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TAMPA ELECTRIC WORKERS SAY NO: The union representing 928 of Tampa Electric Co.'s workers overwhelmingly rejected the company's final offer on a new three-year contract. Members of Local 108 of the International Brotherhood of Electrical Workers voted 620-54 Monday to follow the recommendation of the Tampa union's negotiating committee, Local 108 business manager Floyd Suggs said. "We're willing to continue negotiating on the items we couldn't recommend," Suggs said, including a sharp drop in the company's contributions to the employee savings plan and its refusal to define a full-time work week as 40 hours. The current labor pact doesn't expire until March 31.

MANUFACTURING, CONSTRUCTION RISE: The Institute for Supply Management reported Monday that its manufacturing index rose to 57 last month from 53.7 in September. It was the fourth consecutive monthly gain and pushed the index to its highest level since January 2000, when it last registered 57. In Washington, the Commerce Department said the total value of building projects under way came in at a seasonally adjusted annual rate of $910.6-billion in September, a 1.3 percent rise from August. The reading was an all-time monthly high, as was the figure for spending by private builders on housing projects, which rose to a rate of $471.4-billion.

SAVINGS BONDS RATES FALL: The government announced lower interest rates for the next six months for series I and EE savings bonds. The rate for I bonds issued from November through April is 2.19 percent, down from 4.66 percent. The rate for EE bonds issued on or after May 1, 1997, is 2.61 percent, down from 2.66 percent. More information, including earnings on bonds issued earlier, is available on the Internet (

TECO GETS IRS OKAY: TECO Energy Inc. said Monday the Internal Revenue Service has confirmed that its coal-based synthetic fuel operations comply with IRS requirements and are still eligible to collect federal tax credits. As a result, the Tampa utility said it has completed plans to sell a 49.5 percent stake in its synfuels operations for about $68-million in cash, although it withheld the name of the buyer. TECO spokeswoman Laura Plumb said TECO believes the IRS determination also will help in its plans to sell an additional 40 percent interest in the synfuels operations.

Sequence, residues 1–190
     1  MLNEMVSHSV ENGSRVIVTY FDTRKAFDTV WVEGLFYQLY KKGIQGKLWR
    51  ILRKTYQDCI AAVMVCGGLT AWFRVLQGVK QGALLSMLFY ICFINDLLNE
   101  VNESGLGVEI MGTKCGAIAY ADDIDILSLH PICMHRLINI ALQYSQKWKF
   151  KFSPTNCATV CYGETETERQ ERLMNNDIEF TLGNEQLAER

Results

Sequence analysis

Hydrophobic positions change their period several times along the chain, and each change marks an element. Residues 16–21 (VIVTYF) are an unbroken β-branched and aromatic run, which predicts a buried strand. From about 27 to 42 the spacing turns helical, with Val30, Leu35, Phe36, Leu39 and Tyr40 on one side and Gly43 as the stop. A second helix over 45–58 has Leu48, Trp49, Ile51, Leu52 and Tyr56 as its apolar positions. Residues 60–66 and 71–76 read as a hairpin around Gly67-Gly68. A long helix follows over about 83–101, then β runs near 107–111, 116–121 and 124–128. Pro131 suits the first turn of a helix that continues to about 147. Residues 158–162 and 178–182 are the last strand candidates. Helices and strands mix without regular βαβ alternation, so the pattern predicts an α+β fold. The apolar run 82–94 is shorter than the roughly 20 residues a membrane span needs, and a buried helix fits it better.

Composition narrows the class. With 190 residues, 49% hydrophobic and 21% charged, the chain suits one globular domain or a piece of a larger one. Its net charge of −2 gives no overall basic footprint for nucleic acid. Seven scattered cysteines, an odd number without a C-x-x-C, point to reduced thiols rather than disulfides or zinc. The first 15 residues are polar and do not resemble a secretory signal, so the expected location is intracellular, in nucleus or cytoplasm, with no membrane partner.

PARADYNE SETTLES SUIT: Paradyne Networks Inc. of Largo said in a filing with the Securities and Exchange Commission that it has agreed to pay $3-million to settle a lawsuit filed by shareholders that accused top Paradyne officers of artificially inflating the company's stock price by misrepresenting its performance. Under the settlement, which must be approved by U.S. District Court in Tampa, the defendants admitted no liability. The $3-million will be paid by Paradyne's insurance company.

PUBLIX STOCK CLIMBS: Publix Super Markets' stock price shot up 10 percent Friday, from $42.25 to $46.50. The figures, announced on the employee stock line voice mail, weren't made public until Monday. Publix stock is not traded publicly and is sold only to employees and board members. It is evaluated quarterly by Raymond James Financial of St. Petersburg. The stock has not been priced above $46.50 since August 2001, when it was set at $47.50.